Chewang Norphel is responsible for making 15 Artificial Glaciers earning him the title, ‘Iceman of India’.
Ladakh,a cold mountain desert, sees a low average rainfall of 50 mm annually making people dependent upon glaciers as their primary water source. Majority of the population depends on agriculture, and their main source of irrigation water is the water that comes from the melting of snow and glaciers. The way it works is that, the requirement of water during the summer (when it is maximum) is met by the running water resulting from the melting of the natural glaciers.
With rising global warming, the glaciers in Ladakh have been receding quickly. A lot of water is getting wasted during the winter and due to the severe cold climate, farming in the winter is not an option.
Chewang Norphel from Ladakh is one the few people who could sense these effects of global warming way back in 1966. He would see the problems faced by the villagers due to the scarcity of water where he grew up and in the neighboring areas. Not only has Chewang been a solution provider, almost all the villages in Ladakh have roads, culverts, bridges, buildings or irrigation systems made by him. Today, he is called the “Iceman of India” and has created 10 artificial glaciers in Ladakh to help people deal with water scarcity in this cold, mountainous region.
He first got the idea when he saw water dripping from a tap which was kept open so as to avoid the water from freezing in winter and bursting the tap. This water froze gradually in to an ice sheet as it came in touch with the ground.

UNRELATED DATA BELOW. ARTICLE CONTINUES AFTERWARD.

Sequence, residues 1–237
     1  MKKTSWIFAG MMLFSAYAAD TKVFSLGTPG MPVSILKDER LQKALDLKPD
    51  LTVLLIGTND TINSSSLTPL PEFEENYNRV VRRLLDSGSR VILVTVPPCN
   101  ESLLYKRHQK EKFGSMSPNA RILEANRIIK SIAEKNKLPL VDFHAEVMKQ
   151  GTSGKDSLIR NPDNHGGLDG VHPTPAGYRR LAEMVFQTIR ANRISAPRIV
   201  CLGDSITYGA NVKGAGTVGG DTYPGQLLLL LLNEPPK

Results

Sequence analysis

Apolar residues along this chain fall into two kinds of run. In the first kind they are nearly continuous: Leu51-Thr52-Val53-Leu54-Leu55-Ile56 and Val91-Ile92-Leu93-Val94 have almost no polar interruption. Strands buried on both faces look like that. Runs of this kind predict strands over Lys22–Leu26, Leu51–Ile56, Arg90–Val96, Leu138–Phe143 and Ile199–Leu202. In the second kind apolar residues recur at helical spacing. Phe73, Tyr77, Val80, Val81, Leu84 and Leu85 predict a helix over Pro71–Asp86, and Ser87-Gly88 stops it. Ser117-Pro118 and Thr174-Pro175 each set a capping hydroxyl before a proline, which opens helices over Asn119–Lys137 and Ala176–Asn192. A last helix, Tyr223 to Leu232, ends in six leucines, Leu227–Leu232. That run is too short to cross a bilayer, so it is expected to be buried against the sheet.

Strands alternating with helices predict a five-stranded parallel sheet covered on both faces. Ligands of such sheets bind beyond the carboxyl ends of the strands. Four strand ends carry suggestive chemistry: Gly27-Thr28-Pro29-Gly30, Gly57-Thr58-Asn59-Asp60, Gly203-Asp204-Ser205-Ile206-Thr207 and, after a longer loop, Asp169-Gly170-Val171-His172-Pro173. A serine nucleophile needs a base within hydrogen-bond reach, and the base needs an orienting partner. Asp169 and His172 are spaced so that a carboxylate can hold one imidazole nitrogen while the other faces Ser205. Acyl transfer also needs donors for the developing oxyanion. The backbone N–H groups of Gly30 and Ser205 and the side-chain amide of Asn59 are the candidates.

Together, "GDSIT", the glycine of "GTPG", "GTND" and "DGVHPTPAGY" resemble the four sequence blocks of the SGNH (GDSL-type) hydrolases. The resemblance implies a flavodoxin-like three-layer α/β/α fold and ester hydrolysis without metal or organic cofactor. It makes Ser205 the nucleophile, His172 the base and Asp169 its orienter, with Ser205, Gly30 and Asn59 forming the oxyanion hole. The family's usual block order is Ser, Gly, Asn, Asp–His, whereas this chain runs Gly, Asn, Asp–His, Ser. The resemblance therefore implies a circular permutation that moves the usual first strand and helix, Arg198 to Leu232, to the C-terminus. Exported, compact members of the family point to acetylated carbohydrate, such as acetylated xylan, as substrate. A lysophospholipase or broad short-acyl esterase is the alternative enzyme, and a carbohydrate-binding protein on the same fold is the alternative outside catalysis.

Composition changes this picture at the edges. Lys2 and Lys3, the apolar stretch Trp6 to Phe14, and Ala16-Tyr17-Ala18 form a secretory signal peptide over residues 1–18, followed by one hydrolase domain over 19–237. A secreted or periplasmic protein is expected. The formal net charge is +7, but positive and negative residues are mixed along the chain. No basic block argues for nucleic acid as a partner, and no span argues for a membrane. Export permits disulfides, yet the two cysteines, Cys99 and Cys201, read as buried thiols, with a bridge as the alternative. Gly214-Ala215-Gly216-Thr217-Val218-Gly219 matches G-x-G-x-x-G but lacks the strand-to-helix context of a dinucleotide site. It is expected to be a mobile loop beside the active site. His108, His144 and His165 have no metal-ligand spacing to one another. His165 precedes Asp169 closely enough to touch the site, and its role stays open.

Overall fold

He figured that the water that melts from natural glaciers as a result of high temperatures in summer goes to waste as it flows into the river. As simple as it may sound, his idea was to store the melting water from the glaciers in summer and autumn by freezing it into an artificial glacier rather than let it run in to the river which would have dried out later. Then this artificial glacier would melt during spring period providing water to the villagers at the right time.
After putting all his engineering knowledge, field experience and passion to work, he started his first experiment in Phutse Village. He fashioned canals from the main stream to divert the water to small catchment areas located 4 kms away from the village. He also created a shaded area to keep the water frozen in winters.
The natural glaciers are located at 18,000 feet while these glaciers are located at a lower altitude of 13,000 feet. Because of this, artifical start melting earlier than the mainstream ones and provide water to the villagers when they need it the most in April.
Today, 15 glaciers have been built to meet the requirements of water. The smallest one is 500 ft. long and the largest one is 2 km long.